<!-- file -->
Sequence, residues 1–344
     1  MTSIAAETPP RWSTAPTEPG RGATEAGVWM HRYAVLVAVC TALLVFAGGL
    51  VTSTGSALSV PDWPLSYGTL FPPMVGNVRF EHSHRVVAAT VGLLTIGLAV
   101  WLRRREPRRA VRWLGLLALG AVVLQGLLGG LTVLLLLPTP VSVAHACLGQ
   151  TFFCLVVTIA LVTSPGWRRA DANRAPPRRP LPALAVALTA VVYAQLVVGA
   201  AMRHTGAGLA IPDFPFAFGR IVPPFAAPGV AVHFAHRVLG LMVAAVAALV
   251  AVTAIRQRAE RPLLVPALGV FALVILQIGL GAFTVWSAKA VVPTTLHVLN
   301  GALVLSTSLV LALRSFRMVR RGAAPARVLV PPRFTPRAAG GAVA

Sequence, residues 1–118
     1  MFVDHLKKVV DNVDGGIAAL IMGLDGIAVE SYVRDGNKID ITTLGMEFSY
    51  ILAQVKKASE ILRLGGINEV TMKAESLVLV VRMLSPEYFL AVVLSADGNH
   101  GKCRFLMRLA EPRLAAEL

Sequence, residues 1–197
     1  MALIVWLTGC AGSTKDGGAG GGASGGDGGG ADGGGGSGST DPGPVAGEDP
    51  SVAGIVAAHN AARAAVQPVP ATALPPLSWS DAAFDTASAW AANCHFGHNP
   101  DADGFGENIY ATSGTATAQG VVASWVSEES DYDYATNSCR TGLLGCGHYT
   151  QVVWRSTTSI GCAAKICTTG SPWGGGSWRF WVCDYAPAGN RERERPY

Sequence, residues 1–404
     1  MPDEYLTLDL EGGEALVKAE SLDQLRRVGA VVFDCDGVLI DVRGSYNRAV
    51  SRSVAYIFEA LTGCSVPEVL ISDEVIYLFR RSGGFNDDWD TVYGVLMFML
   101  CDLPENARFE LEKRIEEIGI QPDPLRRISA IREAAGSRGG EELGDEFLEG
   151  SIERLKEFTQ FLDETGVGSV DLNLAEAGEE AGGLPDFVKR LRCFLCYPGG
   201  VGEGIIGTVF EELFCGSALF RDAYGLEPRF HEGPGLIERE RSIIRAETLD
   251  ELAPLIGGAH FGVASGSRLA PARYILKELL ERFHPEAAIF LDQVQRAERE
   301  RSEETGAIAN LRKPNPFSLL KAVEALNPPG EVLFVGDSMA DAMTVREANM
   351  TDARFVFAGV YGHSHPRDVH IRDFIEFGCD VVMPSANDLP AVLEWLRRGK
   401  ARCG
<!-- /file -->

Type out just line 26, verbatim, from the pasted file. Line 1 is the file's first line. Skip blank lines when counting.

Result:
   351  TDARFVFAGV YGHSHPRDVH IRDFIEFGCD VVMPSANDLP AVLEWLRRGK